As harvest continues this fall, farmers should pay close attention to their crop quality. Preliminary testing of the 2015 North America wheat crop, conducted by the ALLTECH 37+® mycotoxin analysis this summer, showed an average 3.2 mycotoxins per sample, with deoxynivalenol (DON) the most predominant toxin. This trend appears consistent among corn and soy samples as well.
Dr. Max Hawkins, a nutritionist with Alltech’s Mycotoxin Management team, said the most common mycotoxin issue is DON, produced by the Fusarium graminareum mold. At high-risk levels, DON can have negative impacts on animal health and productivity, such as weight gain, gut irritation and lower immune response. This is the same mold that produces Fusarium head blight (FHB). However, in some cases DON can still be present even if FHB is not spotted. Critical factors for Fusarium mold growth include heavy rainfall, moderate temperatures, plant immaturity and crop stress or damage from insects, hail and wind.
The additive effect of multiple mycotoxins
Health and production problems associated with the ingestion of mycotoxins vary widely due to several factors. In most cases of mycotoxicosis, there is generally more than one type of mycotoxin involved. Multiple toxins create an “additive effect,” which may involve one or more clinical symptoms or observations. The severity of a mycotoxin challenge is based upon the following:
- Which toxin or toxins are involved
- The level of mycotoxin contamination (in ppm or ppb)
- Length of exposure to the contamination
Many times it is not an acute case that can be readily identified, but a chronic situation associated with the ingestion of low levels of mycotoxins over an extended period of time. This results in a wide array of subclinical symptoms that slowly reduce performance, eat away at the producer’s bottom line and compromise herd health.
After the rain: Troubleshooting the problem
Summer rainfall levels through Missouri, Iowa, Illinois, Ohio, Michigan and Indiana presented a consistent pattern with areas of high mycotoxin contamination in wheat testing from 2,000 to 12,000 parts per billion (ppb).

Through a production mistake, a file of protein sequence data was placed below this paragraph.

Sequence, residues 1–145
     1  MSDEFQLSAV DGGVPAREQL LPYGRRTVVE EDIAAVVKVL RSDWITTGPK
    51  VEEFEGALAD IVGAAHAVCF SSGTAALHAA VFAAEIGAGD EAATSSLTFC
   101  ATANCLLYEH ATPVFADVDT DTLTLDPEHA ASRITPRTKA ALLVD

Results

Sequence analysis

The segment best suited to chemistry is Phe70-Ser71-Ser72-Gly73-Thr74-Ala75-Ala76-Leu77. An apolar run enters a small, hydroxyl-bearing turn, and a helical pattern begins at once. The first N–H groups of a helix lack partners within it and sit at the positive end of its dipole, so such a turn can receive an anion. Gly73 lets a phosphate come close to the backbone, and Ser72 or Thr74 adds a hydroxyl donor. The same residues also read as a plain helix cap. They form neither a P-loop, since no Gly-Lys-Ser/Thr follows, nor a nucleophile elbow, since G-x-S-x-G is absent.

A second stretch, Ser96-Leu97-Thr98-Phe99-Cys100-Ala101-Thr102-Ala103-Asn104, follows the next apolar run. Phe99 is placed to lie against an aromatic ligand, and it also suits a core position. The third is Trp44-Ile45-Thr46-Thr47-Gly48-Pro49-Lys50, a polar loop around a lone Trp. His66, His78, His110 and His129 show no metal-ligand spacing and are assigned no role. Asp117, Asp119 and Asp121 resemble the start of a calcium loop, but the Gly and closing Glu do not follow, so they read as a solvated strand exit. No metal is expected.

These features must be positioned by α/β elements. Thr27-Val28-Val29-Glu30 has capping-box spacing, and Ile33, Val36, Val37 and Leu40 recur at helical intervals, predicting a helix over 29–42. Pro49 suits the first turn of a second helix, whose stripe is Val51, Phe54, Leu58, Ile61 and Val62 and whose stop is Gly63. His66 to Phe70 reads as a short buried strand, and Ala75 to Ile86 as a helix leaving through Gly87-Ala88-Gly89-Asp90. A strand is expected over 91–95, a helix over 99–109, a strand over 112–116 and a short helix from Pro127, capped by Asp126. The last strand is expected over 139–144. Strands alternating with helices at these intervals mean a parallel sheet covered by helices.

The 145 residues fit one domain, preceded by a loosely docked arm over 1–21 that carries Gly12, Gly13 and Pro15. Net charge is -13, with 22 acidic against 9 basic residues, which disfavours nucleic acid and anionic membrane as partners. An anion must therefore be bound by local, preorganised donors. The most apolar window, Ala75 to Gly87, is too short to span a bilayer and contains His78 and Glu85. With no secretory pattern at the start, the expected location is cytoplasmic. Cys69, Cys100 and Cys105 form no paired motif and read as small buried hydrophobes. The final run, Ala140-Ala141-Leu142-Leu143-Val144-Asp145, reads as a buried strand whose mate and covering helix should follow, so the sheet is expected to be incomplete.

Hawkins advises farmers to scout fields for any stalk or leaf mold issues, as well as for any damage to plants from insects or weather conditions, such as wind or hail. Also look for any irregularity in the field. Excess rain can create ponds that can drown out or stunt crop growth and generate differences in soil types across a field.
Producers should take the necessary management steps upon harvest to help troubleshoot existing issues with contaminated feedstuffs:
- Use of a silage inoculant
- Proper packing and covering of grains
- Grain drying – dry to 14 percent moisture
- Use of a proper mycotoxin management program
“Crop differences displayed across a field go into the same storage bin or bunker and are mixed, contaminating the entire crop,” Hawkins said. “Once the crop is in the bin, we can get pockets with higher moisture levels, attributing to increased mold growth and spoilage, which in turn can produce mycotoxins and lower the nutrient value of the feed.”
It is always a good idea to use a quality control program for incoming feedstuffs. Test all fermented feedstuffs and forages for molds and mycotoxins if you suspect a problem. Many producers have their feedstuffs and forages tested at laboratories, such as the Alltech 37+® laboratory, to determine mycotoxin presence before feeding any silages and hay. Try to discard any feed ingredients that are moldy and musty smelling.
The use of a sequestering agent in the ration at all times will help prevent and/or offset the negative effects of molds and mycotoxins. Take into consideration the additive and synergistic effects of multiple mycotoxins in feedstuffs.
As the season continues, if you think you have a situation where molds and mycotoxins are hindering performance, be sure to contact your nutritionist and veterinarian to formulate a management plan so you can get the most out of your feedstuffs this year.
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